There is now an enormous opportunity to interconnect quantum components together into complex, short- and long- range networks of sensing, communication, and computational elements. Photons are a natural choice for networking quantum technologies as their quantum nature survives at room temperature and long distance propagation is possible, either via optical fibre or through free space.
Here we explore using machine learning (ML) to optimise production, coupling, routing, and circuitry for single photons. Our single-photon source platform is resonant excitation of individual quantum dots coupled to a micropillar cavity. Multiphoton suppression in the quantum dot emissionas well as single-photon indistinguishability and brightnessare directly influenced by the spatiotemporal characteristics of the optical excitation pulses. We use ML techniques to tailor the excitation laser pulse properties in real-time, significantly reducing the search time for optimal parameters. We also employ ML to control a deformable mirror, correcting for aberration on the single-photon wavefront field to maximise the coupling between the source output and a single-mode fibre. This combination provides a toolbox for enhancing the performance of any solid-state single-photon source.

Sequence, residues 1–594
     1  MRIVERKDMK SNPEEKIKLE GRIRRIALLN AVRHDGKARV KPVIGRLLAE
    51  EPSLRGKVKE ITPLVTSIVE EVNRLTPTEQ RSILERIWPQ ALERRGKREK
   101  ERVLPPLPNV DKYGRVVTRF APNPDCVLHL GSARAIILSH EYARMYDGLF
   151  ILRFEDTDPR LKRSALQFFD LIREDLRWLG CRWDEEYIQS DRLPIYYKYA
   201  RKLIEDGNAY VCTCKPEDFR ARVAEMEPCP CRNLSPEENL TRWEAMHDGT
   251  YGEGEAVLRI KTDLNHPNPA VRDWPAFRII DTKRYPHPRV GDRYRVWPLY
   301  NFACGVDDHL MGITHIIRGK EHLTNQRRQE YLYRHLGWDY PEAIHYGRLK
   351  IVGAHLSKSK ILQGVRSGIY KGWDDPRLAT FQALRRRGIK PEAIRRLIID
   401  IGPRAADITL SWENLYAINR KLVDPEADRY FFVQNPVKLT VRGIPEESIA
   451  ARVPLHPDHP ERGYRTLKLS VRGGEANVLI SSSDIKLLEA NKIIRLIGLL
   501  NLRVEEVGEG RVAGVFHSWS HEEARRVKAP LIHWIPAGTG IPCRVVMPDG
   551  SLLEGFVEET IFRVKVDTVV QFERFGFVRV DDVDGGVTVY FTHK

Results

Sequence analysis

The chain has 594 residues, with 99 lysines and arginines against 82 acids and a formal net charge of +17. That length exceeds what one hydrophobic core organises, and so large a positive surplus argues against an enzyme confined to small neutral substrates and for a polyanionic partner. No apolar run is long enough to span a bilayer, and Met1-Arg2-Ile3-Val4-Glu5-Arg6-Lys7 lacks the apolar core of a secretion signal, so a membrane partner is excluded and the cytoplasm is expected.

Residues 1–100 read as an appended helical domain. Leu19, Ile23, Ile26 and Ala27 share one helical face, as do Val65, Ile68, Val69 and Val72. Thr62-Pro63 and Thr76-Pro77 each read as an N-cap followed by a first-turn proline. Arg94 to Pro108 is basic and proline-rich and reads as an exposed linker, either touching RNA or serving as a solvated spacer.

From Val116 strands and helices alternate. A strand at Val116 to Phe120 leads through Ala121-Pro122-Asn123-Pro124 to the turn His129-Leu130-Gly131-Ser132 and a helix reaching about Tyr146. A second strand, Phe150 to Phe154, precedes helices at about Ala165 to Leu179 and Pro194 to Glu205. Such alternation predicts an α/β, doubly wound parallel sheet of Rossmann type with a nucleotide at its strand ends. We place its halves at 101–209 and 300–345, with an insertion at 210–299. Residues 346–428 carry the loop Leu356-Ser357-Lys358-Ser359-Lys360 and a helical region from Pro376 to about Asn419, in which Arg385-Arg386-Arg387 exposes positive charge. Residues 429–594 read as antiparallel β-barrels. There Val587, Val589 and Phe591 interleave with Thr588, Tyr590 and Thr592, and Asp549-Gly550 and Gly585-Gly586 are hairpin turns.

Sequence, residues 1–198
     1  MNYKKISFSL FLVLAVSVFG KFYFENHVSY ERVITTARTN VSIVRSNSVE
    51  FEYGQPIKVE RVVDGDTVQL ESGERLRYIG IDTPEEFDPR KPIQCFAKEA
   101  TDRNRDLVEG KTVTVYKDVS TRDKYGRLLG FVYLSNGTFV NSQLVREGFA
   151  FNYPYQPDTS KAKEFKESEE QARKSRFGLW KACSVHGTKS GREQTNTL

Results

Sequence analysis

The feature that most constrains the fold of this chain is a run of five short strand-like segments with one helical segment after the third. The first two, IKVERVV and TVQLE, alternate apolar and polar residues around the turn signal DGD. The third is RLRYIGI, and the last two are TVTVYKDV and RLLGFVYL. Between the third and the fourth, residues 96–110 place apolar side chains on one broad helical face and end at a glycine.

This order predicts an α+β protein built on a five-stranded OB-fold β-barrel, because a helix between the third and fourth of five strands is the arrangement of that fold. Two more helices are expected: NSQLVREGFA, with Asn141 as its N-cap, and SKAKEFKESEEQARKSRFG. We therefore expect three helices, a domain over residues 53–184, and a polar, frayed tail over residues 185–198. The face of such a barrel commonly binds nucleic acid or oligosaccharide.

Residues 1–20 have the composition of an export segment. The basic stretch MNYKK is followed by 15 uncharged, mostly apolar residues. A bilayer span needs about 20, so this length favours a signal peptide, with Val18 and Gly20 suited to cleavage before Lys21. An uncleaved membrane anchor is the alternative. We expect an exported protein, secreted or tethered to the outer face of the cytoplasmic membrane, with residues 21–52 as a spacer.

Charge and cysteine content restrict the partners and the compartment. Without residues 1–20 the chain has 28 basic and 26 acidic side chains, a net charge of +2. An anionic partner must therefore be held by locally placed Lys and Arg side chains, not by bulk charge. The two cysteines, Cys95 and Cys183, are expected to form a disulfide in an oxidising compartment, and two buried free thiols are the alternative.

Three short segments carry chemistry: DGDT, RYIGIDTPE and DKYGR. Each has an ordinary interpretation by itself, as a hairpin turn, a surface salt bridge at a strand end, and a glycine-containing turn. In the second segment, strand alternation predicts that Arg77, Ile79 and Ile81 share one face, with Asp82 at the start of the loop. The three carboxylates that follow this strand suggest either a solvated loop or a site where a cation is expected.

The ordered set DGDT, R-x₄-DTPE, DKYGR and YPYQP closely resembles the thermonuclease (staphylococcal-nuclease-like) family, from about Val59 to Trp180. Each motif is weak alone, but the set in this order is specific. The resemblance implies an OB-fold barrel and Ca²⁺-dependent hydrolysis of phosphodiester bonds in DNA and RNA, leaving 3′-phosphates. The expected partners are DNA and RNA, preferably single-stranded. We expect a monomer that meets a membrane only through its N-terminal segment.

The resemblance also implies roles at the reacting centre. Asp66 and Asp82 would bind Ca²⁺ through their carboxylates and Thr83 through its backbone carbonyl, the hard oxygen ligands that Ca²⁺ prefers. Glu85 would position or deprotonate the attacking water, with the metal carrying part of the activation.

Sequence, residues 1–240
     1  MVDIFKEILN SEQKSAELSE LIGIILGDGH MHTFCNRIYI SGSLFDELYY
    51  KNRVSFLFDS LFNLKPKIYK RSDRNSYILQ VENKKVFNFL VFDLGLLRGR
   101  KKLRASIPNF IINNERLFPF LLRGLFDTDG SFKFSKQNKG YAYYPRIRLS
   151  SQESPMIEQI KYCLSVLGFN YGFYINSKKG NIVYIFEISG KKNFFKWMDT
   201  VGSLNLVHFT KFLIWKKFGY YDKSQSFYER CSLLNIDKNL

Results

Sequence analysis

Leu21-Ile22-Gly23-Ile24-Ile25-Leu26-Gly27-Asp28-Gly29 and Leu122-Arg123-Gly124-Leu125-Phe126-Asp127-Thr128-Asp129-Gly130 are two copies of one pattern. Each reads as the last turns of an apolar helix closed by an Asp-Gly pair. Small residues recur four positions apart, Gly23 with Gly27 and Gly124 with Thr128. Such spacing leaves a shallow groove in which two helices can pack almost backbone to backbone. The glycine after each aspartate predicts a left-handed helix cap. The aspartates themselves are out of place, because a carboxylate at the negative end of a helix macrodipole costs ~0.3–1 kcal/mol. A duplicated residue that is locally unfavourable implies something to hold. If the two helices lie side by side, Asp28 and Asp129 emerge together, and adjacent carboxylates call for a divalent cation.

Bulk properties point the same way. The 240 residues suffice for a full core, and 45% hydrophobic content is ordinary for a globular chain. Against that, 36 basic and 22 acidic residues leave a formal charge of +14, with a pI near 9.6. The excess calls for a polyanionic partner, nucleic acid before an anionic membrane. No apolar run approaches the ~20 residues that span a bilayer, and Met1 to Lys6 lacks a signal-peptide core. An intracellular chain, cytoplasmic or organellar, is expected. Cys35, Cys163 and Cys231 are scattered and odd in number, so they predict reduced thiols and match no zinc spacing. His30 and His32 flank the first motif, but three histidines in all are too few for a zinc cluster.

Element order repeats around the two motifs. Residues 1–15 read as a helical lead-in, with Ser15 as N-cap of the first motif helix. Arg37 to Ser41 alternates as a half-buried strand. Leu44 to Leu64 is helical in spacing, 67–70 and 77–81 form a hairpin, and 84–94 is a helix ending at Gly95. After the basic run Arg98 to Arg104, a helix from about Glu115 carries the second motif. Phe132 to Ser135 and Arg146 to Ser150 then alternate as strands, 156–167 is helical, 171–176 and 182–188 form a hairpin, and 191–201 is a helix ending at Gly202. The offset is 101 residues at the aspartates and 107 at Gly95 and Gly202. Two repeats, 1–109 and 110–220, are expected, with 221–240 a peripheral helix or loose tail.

Photonic integrated circuits (PICS) will be essential for scalaby realising photonic quantum technologies. Actively coupling photons into PICS requires high-fidelity integrated switches. Current best practicemanual optimisation of electronic signals for each individual switch on a chipis slow and unscalable. We use MLsimulated annealingto optimise driving parameters for up to 4 switches on a single chip, achieving a significant speed up in tuning while retaining optimal performance. PICS often interface light in and out of the chip using edge coupling, which severely limits chip geometry as well as adding complication to fabrication. Using MLinverse designwe are developing efficient out-of-plane couplers and small-footprint waveguide crossings that are easier to manufacture and have higher circuit density. This new architecture lowers entry costs for photonic integrated circuitry development.